For example, most video and computer-based artworks conceal their source decks and cabling behind a gallery wall. Without access to the secrets inside this "black box," viewers are left with the presumption that the artist has conjured the images by some arcane feat of technological magic rather than by some mechanism they might understand. In his 1963 installation Random Access, Paik did the reverse: he tacked fifty-odd strips of prerecorded audio tape to the wall, then ripped the playback head out of a reel-to-reel deck and wired it to a pair of speakers. He then encouraged his viewers to pick up the playback head and run it across the audio segments whatever order they wished. In so doing Paik exposed the inner workings of a tape player to his viewers, giving them a hands-on feel--quite literally--for how the mechanism worked. In the process, of course, he demonstrated that audio technology was capable of much more than the linear experience its manufacturer had intended it to provide. Sometimes creativity lies not in thinking outside the box but in cracking it open and spilling its guts.

Of course, technologists sometimes misuse their tools for a practical purpose. NASA engineers jury-rigged a filter out of spare parts and duct tape to save the astronauts of Apollo 13 from poisonous gases venting inside the crippled capsule. We demand more from artists, however, than a creative process--we demand that the result of that process expand the mind of its beholder. The greatest artistic contributions to new media consist not merely of new ways to arrange diodes and DVDs, but of new ways to envision the world using these tools.

Creative misuse can be destructive, as in Jean Tinguely's self-destructing sculpture Homage to New York (1960).

Misuse can be wrong-headed: for his 1963 performance Pelican, Robert Rauschenberg adorned dancers with one technology designed to enhance speed--roller skates--and another--parachutes--designed to impede it.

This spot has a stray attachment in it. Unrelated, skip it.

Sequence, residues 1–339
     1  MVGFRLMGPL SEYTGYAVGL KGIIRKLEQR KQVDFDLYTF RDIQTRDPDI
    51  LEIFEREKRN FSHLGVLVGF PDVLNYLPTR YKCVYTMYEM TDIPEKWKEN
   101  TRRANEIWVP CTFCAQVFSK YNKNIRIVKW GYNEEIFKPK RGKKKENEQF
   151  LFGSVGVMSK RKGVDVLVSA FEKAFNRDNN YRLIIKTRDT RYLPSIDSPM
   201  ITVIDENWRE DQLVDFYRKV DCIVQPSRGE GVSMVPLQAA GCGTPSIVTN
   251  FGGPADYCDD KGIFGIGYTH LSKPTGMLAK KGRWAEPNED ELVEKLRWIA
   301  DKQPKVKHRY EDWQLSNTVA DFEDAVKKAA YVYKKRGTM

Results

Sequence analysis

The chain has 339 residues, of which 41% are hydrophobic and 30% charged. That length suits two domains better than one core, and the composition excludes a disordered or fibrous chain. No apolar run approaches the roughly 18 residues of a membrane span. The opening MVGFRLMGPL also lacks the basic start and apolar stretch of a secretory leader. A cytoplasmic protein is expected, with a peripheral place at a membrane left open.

Misuse can mean crossing wires, either literally or figuratively. Rauschenberg's synaesthetic performance Open Score (1966) crossed perceptual wires between the senses of hearing and vision. Here players of a live tennis game triggered an amplified "bong" and extinguished one of the auditorium's lights every time they hit the ball--thanks to a miniature radio transmitter inside each racket--until the auditorium was immersed in darkness.

I've chosen examples from the 1960s, but the artistic misuse of technology goes back to filmmakers like Charlie Chaplin, who created cinematic effects by cranking film the wrong way through the camera. And some of the most creative artists working today are using Internet technologies in all the wrong ways. An outstanding example from the mid-1990s is Jeffrey Kurland's The Dotted Line, a Web page consisting only of an immensely long column of colored dots. By clicking up or down on the browser's scroll bar, viewers could animate the dots in the manner of Thomas Edison's Kinetoscope--revealing a hidden connection between the technology of a Web browser and the technology of the early cinema. Online collectives such as Group Z and exploited a bug in Netscape 1.1 to achieve certain effects; when Netscape 2 corrected the bug these works were no longer viewable in their original form. The technology Mark Napier's Shredder exploits, Cascading Style Sheets, was originally intended to pin down the elements of a Web page so that designers could specify the same fixed page layout on different computer screens. The Shredder, however, turns this page metaphor inside out by swapping the placement
of scripts and images to reveal what the designers have deliberately concealed.

What is the ultimate effect of creative misuse? Sometimes misuse becomes the norm. In a 1976 report to the Rockefeller Foundation, Paik coined the provocative term "electronic superhighway"--a phase that Bill Clinton paraphrased in his campaign rhetoric as "information superhighway" and has since permeated public consciousness. More often, however, misuse is of no direct practical value, but does what art is supposed to do: stretch our minds to accommodate not only the box, but what's outside it as well.